To a future self, with love from a very present present,
This is the first thing I have written – apart from endless scribbled lists and daily stream of texts and WhatsApp messages on my phone – for five months. It is the first time I have reached into the past or the future with news of anything beyond the goings-on of any particular day. The first thing with a beginning, a middle, and an end; or the possibility of a second draft. This is strange for me because I am (used to be?) a woman who wrote a lot for a job as a social researcher, writing other people’s stories. Since the baby came, there is little to narrate or explain. My days have become non-linear: a series of cycles which neither prepare for, nor reflect on the last, despite relating to and repeating each other endlessly. Time itself also takes on a cyclical quality, as I am constantly at the beginning and end of something, both new to this whole journey and very weary from what has just passed. Perhaps these are some of the reasons I am moved to write to you, my future self with dementia, now. And perhaps it is this violent and irresistible break with so much of my cognitive life which makes me feel that I may have something to say to you. Or perhaps it is only now that I find the time…
I am not saying that you are ‘like’ the baby (a tired, blunt comparison often used by those of us who talk and write about the very young and very old), nor am I saying that you are more ‘like’ me now that I am a new mum who makes wry comments about “baby brain” or “not being able to string two sentences together”. But maybe I can describe some modes of being and things that matter to us (to me and the baby) that you will understand. And maybe this will open up possibilities for us (me and you) to relate to each other, or even for you and the baby to relate to each other in the future. I want to tell you about this non-verbal, intimate, tactile, ever-present world we inhabit because I imagine that you will care about it and that you might recognise some of it, even though you may not of course remember it.
We (me and the baby) have a strangely reciprocal relationship even though only one of us can talk or plan/reflect upon how we live from one moment to the next. We become afraid, angry, listless, confused, or frustrated; and then, suddenly, we can comfort one another into blissful calm and safety. Earlier this evening he broke our smooth, rehearsed sequence of moves towards bedtime with a skittish look to one side, restless fingers suddenly rubbing furiously at his little bare head. I move him towards where he needs to be – latched onto me, feeding himself into a state of rest, giving him the only real sense of purpose he knows. But he makes a noise like an angry cat and arches his back. He cries – real tears, which I am still not used to. I wonder what’s happening, what’s tormenting him (overtiredness? pain? sickness? fear?) I have to use my instincts, the scientist in me offering me nothing in these situations. I try turning him around, patting his back and offering him the other breast. Suddenly, he is latched on and his eyes half closed. He is drinking deeply and everything is warm and fluid and his hands are curling around my fingers in something that feels just like affection.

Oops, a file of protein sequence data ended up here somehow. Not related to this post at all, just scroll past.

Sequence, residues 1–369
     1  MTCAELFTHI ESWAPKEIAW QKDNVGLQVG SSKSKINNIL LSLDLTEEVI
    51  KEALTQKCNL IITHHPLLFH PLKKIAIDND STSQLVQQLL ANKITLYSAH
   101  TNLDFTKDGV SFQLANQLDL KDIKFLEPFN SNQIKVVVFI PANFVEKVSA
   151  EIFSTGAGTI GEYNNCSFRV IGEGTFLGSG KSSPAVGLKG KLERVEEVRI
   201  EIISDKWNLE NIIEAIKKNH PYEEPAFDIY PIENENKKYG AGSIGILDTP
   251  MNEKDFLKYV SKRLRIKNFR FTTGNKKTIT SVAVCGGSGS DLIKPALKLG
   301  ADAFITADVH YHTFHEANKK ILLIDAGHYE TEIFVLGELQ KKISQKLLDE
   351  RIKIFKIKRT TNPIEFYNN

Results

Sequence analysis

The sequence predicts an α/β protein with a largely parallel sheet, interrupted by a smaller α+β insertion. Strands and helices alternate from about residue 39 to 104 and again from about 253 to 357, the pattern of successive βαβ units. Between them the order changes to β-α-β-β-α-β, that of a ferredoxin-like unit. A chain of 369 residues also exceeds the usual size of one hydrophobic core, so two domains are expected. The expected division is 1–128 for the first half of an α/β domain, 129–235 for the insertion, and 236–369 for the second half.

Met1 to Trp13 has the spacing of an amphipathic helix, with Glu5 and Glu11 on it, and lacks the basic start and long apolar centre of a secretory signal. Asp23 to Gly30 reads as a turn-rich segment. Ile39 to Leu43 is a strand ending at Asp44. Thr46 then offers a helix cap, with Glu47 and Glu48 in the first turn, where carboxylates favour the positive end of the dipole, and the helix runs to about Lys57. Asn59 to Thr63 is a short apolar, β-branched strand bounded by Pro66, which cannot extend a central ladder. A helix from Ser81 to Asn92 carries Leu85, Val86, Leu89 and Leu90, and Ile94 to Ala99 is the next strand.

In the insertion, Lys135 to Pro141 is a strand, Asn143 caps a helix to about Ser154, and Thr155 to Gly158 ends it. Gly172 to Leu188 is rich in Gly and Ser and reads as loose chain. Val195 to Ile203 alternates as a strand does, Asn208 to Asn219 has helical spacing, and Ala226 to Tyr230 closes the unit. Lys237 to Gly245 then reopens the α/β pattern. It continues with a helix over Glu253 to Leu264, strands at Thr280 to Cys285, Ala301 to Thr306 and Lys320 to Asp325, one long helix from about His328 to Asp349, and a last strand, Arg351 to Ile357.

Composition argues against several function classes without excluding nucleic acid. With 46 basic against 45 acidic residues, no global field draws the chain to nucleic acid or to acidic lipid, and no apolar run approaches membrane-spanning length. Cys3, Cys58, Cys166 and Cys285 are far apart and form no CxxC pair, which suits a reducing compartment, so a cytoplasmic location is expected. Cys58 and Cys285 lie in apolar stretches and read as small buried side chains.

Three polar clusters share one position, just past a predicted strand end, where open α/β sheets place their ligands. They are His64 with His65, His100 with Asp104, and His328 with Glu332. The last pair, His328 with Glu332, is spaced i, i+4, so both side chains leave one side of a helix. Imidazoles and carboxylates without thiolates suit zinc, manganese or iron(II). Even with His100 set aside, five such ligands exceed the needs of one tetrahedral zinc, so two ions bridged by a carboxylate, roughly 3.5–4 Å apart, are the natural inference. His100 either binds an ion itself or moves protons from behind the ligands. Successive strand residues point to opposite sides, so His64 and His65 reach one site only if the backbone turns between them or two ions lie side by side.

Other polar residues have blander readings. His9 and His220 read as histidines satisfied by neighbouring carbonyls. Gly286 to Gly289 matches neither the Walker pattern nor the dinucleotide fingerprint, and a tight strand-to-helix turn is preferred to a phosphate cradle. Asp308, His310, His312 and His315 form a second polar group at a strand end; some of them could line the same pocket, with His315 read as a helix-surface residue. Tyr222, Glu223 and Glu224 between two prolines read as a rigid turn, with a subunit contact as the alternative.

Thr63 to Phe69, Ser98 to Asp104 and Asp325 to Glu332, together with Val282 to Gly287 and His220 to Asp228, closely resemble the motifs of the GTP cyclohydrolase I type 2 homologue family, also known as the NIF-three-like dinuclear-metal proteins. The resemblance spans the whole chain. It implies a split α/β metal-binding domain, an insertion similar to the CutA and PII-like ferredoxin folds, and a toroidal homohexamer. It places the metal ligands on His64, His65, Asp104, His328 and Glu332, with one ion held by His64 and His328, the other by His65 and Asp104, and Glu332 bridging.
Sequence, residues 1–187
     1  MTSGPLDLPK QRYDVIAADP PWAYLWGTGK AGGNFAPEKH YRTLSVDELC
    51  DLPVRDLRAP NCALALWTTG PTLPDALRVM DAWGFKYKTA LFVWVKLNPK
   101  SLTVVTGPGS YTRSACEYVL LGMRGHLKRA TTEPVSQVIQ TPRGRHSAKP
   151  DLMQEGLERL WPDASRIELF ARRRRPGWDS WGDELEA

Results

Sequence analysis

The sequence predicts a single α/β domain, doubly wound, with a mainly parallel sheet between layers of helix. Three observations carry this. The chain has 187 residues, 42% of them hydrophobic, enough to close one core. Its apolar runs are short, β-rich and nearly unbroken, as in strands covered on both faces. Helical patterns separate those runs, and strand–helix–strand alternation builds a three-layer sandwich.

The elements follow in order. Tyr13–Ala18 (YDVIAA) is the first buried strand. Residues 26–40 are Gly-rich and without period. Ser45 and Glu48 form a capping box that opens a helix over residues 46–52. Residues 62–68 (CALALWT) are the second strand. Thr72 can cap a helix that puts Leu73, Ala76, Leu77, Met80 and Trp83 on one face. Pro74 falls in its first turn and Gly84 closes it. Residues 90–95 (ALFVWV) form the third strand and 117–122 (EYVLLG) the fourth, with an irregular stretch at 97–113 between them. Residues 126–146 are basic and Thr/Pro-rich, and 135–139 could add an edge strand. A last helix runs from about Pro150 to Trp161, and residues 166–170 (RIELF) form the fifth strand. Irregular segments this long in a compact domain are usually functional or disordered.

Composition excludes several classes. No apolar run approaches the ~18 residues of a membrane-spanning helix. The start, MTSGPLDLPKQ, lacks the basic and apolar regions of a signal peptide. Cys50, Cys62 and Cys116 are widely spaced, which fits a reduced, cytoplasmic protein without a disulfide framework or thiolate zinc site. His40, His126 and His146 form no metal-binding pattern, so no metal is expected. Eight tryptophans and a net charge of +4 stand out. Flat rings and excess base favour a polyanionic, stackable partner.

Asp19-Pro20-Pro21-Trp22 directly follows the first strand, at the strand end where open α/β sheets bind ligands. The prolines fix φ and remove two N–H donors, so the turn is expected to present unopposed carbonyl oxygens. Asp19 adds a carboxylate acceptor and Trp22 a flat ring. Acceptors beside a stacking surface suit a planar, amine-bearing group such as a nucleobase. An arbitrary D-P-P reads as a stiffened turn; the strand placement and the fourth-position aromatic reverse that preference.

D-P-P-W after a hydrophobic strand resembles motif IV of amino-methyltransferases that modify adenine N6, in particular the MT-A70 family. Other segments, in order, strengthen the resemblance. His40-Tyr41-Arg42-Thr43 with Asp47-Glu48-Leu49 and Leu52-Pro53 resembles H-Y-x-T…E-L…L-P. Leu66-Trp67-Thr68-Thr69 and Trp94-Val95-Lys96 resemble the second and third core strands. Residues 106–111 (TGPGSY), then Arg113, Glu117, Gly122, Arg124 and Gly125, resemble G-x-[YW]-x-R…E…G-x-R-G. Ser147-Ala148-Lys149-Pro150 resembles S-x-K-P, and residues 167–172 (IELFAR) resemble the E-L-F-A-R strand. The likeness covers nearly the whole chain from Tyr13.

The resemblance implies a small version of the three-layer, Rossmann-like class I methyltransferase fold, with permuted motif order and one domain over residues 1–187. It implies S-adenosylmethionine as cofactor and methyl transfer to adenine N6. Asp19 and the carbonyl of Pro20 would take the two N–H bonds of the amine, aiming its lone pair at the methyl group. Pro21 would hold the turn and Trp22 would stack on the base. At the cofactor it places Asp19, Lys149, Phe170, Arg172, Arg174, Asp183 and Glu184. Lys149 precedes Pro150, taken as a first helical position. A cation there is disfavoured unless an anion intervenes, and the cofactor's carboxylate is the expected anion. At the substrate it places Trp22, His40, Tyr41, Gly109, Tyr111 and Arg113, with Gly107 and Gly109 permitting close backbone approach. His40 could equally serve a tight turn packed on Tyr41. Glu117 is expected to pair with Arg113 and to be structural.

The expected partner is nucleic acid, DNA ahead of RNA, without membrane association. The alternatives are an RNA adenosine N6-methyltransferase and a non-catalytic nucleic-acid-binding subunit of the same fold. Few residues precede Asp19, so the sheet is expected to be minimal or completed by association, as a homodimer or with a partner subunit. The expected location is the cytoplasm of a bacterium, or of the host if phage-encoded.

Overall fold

I wonder how the baby (who will not have been a baby for a very long time now) responds to you when you have a difficult moment, how he tries to read you when you cannot articulate what you are feeling. I wonder if he feeds you now. There is so much I wonder and could ask you about your life now – what you do with your days, what you enjoy, what you think about and remember, and of course what you might be able to tell me about the world you live in. But I find myself obsessed with what your relationship is like with your son and how I might time-travel to you two, strangely, through telling you about these moments in which we are so absolutely present.
As time-travel and future speculation goes, it’s tricky basis for an original story – relationships between elderly parents and their kin have been fraught since the beginning of time and I’m sure our son won’t be the first to break with this tradition. But there could be more to this intergenerational story; maybe it could become the site of some inventiveness and imagination after all?
Because I am talking to you about all of this, it cannot be about miraculous cures for neurodegenerative disease, or neat solutions to the journey towards the end-of-life. Instead, it could be about finding wonder amongst the mundane and difficult terrain at the outer reaches of life – at the end as well as the beginning. Before the baby was born, his dad called him The Astronaut, bobbing about in his gravity-free bubble, other-worldly, visible from earth only via digital technologies. When he did ‘land’, he somehow brought with him the kind of wonder that you might imagine an extra-terrestrial being might bring – so strong that every day
it is able to break through the boring mess of motherhood. Do you still have that sense of wonder when you look at him? More importantly, does he have it when he looks at you? Can your proximity to the edge of life inspire something that makes your relationship both bearable and wonderful?
Good luck! And much love,
Natassia Brenman is a social researcher at the University of Oxford interested in health, technology and patterns of inclusion and exclusion in care. In her recent ESRC project, she explored themes of temporality, futures, and speculation in the context of dementia and brain health.